Talking with Palestinians in Arabic, Helene Songe discovered a proverb she can’t shake. It likens education to a “golden bracelet”—the one valuable, incorruptible thing that remains with you, regardless of what life might throw your way. While her background is vastly different from the Palestinian refugees she works with every day, Helene has lived the truth of these words.
She grew up in Norway, but hasn’t called it home since her departure at age 17 to attend the United World College in Singapore. As a UWC graduate, she was awarded a full ride at Middlebury in the very first year of the Davis UWC Scholarship Program.
From the very beginning of her international education, Helene had a mission. “I just happened to be born in a stable country,” she explains, “but we could all become victims of conflict. Wherever people lead difficult lives, we must help however we can—purely out of human empathy and compassion.”
Undergraduate course work in international studies and various internships abroad prepared Helene for her current post with the United Nations Relief and Works Agency for Palestinians Refugees in the Near Middle East(UNRWA). And a summer in the Middlebury Arabic School will help her provide basic services to Palestinian Iraqi refugees living in Syria.
Helene explains that when the Iraq War started in 2003, Palestinians began to flee the country in large numbers, becoming refugees once again. Several thousand fled to neighboring Syria, where they are unable to work legally and are vulnerable to detention or deportation. Helene administers assistance with rent, food, education, and health care to roughly 780 families in Damascus and other parts of Syria. Her improved Arabic skills allow her to better understand those she serves.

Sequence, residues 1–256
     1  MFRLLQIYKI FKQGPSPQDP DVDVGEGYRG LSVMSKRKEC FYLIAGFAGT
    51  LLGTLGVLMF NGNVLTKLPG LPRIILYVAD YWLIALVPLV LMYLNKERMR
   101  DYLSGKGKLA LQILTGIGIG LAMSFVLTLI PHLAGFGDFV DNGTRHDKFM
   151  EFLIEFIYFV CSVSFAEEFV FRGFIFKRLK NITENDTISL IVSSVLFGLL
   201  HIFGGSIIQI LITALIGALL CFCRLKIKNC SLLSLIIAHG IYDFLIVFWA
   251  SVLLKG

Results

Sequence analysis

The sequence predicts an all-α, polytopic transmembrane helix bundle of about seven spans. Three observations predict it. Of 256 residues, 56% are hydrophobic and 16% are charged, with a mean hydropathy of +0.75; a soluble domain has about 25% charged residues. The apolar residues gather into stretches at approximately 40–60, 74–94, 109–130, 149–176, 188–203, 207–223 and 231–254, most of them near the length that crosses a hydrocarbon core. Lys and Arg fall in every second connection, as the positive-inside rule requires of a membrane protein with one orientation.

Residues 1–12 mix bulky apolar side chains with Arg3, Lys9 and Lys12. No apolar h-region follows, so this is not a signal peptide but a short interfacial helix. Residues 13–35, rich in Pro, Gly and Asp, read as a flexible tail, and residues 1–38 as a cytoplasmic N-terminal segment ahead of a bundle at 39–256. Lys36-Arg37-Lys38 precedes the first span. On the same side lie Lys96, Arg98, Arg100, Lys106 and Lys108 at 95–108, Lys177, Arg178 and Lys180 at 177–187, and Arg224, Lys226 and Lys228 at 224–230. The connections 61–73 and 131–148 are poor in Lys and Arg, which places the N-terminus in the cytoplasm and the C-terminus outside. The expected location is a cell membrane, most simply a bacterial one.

Helene laughs at the irony of leaving Syria to work on her Arabic. “Because it is such a difficult language, I needed a lot of support to get fluent,” she explains. Helene had faith that Middlebury would provide the learning environment she needed to make major gains. “Due to the intensity and unique language immersion aspects of the Middlebury program,” she says, “I can now communicate better with both Palestinian refugees and Syrians.”
Although she sometimes feels her work is more of a Band-Aid than a solution, she keeps a positive attitude. “Even if it’s never enough, at least I am able to do something to ensure a more dignified life for these refugees,” she says.
She worries most about the adolescents who have reached the end of their UNWRA-administered education and lack the means to pursue higher education. Restless and frustrated, they are prone to resorting to violence, drugs, and crime. But Helene does find sources of hope. For example, the Syrian government has recently sanctioned vocational training for Palestinian-Iraqi refugees. UNRWA and other area NGOs, she says, are fully prepared—and eager—to provide such opportunity.
Helene has seen first hand how providing basic services—food, shelter, education, and health care—can act as a powerful stabilizing force. Our sense of justice and compassion, she believes, should be enough to motivate us to help those in need. But when it is not, a deep desire for peace is reason to improve the lot of the most vulnerable amongst us.